• Safe Harbor Designs: You may want to amend your 401(k) plan so it qualifies as a safe harbor 401(k) plan. A “safe harbor” 401(k) plan is not subject to nondiscrimination testing otherwise applicable to traditional 401(k) arrangements. As a result, participating highly compensated employees can maximize their annual deferrals under a safe harbor 401(k) plan without regard to the amounts other employees elect to contribute. We have worked with a number of employers that found they could convert their traditional 401(k) plans to safe harbor 401(k) plans with minimal design and cost changes.

Have You Updated Your Plan for Recent Law Changes?

The laws regarding retirement plans frequently change and plan documents must be amended to reflect such changes. For example, retirement plans were recently required to adopt special rules regarding retirement benefits for uniformed military members, pursuant to the Heroes Earnings Assistance and Relief Tax Act of 2008. The IRS recommends that all retirement plans review current law changes annually.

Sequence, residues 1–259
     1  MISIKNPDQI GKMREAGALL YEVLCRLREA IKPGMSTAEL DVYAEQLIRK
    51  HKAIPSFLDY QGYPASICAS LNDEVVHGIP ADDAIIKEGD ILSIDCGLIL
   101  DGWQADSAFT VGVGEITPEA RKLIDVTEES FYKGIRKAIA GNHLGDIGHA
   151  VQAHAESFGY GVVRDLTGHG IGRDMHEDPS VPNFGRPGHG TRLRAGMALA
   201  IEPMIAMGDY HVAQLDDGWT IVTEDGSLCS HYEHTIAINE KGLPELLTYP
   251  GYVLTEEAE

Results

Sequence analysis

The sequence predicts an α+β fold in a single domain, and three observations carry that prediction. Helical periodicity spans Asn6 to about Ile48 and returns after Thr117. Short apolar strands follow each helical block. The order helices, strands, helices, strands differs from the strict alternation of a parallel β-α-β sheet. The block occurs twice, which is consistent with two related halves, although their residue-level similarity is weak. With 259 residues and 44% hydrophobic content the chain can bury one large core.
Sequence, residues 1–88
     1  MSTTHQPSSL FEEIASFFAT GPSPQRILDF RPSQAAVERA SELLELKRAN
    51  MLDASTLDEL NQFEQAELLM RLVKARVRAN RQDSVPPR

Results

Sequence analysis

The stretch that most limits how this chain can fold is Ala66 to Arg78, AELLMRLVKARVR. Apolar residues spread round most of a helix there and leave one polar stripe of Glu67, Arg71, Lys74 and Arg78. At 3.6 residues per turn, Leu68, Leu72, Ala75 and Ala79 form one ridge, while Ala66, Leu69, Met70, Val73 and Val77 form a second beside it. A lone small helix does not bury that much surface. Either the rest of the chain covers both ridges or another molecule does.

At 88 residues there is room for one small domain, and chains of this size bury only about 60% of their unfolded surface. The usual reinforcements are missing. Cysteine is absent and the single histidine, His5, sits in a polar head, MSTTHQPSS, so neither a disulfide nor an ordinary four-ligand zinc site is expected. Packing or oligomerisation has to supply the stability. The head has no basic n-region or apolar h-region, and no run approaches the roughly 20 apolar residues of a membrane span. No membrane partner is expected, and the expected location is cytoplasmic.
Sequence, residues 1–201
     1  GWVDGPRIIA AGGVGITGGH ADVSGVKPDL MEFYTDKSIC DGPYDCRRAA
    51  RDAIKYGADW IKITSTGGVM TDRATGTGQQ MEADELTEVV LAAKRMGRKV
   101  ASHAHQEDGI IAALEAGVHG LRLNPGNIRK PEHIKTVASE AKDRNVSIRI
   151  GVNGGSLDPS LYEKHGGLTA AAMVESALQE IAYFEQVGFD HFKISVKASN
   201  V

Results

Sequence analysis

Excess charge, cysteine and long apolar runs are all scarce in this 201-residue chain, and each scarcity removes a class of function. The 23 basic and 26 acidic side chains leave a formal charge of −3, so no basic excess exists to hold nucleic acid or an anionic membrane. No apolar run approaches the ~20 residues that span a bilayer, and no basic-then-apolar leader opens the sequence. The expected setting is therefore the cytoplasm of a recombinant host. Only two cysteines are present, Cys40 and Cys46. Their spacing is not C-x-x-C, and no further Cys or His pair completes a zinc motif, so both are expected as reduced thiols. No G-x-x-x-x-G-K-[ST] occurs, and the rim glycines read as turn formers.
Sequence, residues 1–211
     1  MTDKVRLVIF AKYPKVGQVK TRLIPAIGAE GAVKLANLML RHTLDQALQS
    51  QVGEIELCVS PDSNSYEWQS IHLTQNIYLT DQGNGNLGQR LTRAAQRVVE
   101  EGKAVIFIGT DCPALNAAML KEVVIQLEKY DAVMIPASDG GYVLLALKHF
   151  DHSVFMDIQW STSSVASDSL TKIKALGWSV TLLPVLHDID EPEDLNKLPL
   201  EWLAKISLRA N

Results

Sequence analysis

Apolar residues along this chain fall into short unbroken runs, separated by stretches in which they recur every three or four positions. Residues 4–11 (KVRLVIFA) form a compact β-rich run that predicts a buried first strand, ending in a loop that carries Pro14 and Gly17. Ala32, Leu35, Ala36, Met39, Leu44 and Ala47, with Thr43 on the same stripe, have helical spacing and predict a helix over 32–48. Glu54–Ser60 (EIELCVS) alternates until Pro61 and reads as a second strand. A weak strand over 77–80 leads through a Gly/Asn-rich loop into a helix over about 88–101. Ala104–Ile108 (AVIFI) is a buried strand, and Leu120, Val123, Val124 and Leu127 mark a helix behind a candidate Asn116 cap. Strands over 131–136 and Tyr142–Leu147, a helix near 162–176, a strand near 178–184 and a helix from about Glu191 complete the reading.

Although law changes and required deadlines for amendments are listed in various government and practitioner publications, failure to timely adopt a required amendment is a common plan mistake. If a retirement plan fails to adopt a required amendment by the IRS deadline, the employer should remedy that failure using an IRS compliance tool known as the Employee Plans Compliance Resolution System (“EPCRS”). Correcting an error under EPCRS is generally much less costly than correcting an error the IRS discovers on audit.

Do You Know and Understand Your Plan’s Terms?

The terms of your retirement plan document should dictate the way you administer your plan. Unfortunately, many employers are not aware of their retirement plan’s terms and have problems operating their plan correctly.

Make sure you know and understand the following questions regarding your retirement plan:

  • Which employees are eligible to participate in your retirement plan?
  • How does your retirement plan define “compensation” for the purpose of contributions to the plan?
  • When and how much are you required to contribute on behalf of employees under the plan?
  • What types of notices must you provide to employees and how often should the notices be provided?
  • Are you required to test the retirement plan for nondiscrimination and, if so, how often?